Symptomatic care is the rule of thumb when it comes to conservative back pain treatment. Virtually all methods of therapy are geared towards helping to reduce the severity of symptoms, rather than actually targeting the underlying origin of pain, if that source was even correctly discovered. If you can name 10 back pain treatments, odds are that 9 of them are symptomatic and will never provide cures. They will, however, generate lots and lots of money for providers, which is why they exist in the first place.
Unnecessary spinal surgery recommendations are incredibly common. We see tens of thousands of patients recommended for spinal surgery each year, without any indication that an operation is necessary or even that it stands a fair hope of being successful. Most spinal surgeries are not needed and most also demonstrate horrific curative statistics, especially when evaluated several years post-surgery.
On the other hand, some conditions should be treated with surgery immediately, especially when the diagnosis is verified and the condition is known not to respond to noninvasive care. However, care providers like to “milk” the patient, or their insurance carrier, for the most money, so they will drag out the treatment process for years before finally recommending surgical action. This greed costs patients years of their lives, untold amounts of pain and sometimes, even their lives.
Long-term use of pharmaceutical therapy is always dangerous. There are no safe drugs. All of these substances are harmful to the body in some way and the longer they are used, the worse the effects become. Patients who continue to use drugs for back or neck pain relief demonstrate a statistical propensity for anatomical damage, addiction problems, degeneration into illicit activity and increased rates of suicide.
Finally, there are certain tips that can help patients to move towards a full and enduring recovery. This is true regardless of what diagnosis affects them, what type of treatments they attempt and what steps they take towards maximizing the efficacy of both of the above processes. Our best recovery tips include:
Patients must understand that chronic pain is often idiopathic and can not be definitively traced to a source process. Not having a diagnosis is better than having an incorrect diagnosis. Treating nothing is better than treating the wrong thing. Some patients truly end up better learning to manage pain all by themselves, without ongoing conservative care or invasive surgical barbarism, especially if they are not convinced of the accuracy of the diagnostic therapies applied to them.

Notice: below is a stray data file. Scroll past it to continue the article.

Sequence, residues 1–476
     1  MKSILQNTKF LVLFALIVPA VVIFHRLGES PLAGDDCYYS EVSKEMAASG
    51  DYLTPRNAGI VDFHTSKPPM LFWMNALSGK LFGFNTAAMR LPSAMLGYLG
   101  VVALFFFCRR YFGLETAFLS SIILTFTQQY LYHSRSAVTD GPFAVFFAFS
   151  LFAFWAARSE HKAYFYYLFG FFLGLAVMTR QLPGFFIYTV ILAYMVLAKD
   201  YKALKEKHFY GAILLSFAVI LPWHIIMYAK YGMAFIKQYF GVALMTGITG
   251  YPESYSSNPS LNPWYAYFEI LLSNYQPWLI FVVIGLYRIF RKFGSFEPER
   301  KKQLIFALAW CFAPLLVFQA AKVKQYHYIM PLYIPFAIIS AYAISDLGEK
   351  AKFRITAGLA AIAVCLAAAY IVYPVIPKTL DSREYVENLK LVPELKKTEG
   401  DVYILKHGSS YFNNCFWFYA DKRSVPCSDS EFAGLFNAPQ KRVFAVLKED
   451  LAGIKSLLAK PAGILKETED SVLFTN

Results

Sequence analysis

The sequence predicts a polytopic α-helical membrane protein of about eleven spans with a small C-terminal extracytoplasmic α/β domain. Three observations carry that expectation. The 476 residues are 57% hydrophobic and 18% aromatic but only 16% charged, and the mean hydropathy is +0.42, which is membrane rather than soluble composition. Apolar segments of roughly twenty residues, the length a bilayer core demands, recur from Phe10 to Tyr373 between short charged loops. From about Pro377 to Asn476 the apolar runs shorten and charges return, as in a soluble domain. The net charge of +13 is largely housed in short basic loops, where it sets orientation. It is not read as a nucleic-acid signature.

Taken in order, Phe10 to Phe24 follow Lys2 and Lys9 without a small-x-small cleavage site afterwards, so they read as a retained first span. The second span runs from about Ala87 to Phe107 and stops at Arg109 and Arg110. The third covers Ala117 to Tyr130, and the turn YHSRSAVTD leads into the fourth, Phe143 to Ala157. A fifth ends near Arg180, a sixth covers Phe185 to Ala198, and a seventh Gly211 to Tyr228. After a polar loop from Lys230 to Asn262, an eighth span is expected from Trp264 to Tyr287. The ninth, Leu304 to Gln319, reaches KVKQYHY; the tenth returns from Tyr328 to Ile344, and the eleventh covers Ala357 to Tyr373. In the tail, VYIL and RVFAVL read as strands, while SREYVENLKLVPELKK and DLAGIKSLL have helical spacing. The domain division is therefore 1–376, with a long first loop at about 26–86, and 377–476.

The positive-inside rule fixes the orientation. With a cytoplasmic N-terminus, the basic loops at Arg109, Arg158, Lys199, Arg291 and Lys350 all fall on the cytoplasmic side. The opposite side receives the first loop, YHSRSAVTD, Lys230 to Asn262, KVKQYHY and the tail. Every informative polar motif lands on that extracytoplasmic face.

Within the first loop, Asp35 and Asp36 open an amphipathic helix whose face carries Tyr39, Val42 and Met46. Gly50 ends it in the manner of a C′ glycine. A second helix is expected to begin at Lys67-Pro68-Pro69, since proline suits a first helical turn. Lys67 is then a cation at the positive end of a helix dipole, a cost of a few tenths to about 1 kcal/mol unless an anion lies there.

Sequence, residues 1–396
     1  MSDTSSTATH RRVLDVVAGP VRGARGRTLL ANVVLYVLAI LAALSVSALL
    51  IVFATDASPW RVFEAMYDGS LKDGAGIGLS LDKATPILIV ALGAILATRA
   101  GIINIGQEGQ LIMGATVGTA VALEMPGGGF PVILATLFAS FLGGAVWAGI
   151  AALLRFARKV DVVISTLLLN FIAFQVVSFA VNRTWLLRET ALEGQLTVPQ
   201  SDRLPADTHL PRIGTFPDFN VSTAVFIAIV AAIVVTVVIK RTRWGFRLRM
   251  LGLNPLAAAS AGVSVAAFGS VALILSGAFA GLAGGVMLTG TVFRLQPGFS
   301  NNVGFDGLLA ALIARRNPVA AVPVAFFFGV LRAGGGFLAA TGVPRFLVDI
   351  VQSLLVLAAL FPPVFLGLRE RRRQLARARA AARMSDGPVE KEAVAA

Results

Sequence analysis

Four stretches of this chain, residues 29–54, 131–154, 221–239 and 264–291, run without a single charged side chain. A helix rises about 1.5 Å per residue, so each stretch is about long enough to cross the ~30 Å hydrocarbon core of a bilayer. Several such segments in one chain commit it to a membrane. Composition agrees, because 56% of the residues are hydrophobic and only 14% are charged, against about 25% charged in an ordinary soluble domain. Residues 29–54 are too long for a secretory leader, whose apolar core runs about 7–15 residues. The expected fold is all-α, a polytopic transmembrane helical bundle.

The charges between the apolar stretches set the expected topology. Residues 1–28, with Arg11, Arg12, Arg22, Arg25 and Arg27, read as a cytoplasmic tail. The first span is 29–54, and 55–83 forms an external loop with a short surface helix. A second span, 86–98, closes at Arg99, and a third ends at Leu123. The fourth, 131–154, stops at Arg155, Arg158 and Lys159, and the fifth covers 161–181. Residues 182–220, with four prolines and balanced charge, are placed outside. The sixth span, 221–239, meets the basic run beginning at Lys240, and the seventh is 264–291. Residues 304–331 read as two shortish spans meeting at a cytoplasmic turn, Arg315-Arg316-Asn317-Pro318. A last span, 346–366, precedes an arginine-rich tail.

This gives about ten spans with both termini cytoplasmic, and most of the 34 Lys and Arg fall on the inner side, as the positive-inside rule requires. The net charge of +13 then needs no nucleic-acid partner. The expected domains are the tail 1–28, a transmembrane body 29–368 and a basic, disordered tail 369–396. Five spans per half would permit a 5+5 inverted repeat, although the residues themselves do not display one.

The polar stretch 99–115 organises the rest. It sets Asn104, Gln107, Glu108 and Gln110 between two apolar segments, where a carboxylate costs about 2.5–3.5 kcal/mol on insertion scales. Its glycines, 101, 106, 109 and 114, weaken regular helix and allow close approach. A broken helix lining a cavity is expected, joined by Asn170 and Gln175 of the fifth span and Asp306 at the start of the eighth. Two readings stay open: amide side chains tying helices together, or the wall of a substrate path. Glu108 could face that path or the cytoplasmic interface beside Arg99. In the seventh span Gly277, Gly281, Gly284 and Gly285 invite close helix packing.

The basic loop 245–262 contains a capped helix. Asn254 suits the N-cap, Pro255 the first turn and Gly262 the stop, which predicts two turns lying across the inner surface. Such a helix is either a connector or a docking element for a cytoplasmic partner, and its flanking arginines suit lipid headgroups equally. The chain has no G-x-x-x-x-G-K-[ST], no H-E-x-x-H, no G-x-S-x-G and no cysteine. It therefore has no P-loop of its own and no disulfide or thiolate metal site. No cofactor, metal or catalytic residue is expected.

Patients must remember that pain is a perception and can be minimized, regardless of the cause. There are many holistic methods of care that address the entire individual, rather than compartmentalizing the patient into anatomical regions. General wellness care practices are statistically more effective than diagnostic-targeting therapies for patient satisfaction. If we had to classify back pain treatment, it would fit into the common category of “disease and injury care”; certainly not “healthcare”.
The mind and body are both involved in every chronic pain condition. It is always wise to examine the psychoemotional contributors to pain, as well as the physical. Stress, emotional anguish, regret, fear and personality-type all can maximize pain. Luckily, psychoemotional therapies can help to minimize symptoms, regardless of the cause.
Our final back pain tip is the most universally applicable. If you read our sites regularly, then it is common knowledge to you already. Patients must take active roles in their own care. Doctors are extremely knowledgeable, but since the body being treated belongs to the patient, it is that patient who must be the leader of the care team. They must be involved in every decision making process. Failure to step-up into this role is the single most influential factor in the epidemic incidence of unsatisfying therapy outcomes.
Get involved and get better. For many patients, it really is that simple. You must advocate on your own behalf. You must become an expert researcher. You already have all the tools you need. Just put them to use. In the end, you will be happy that you did.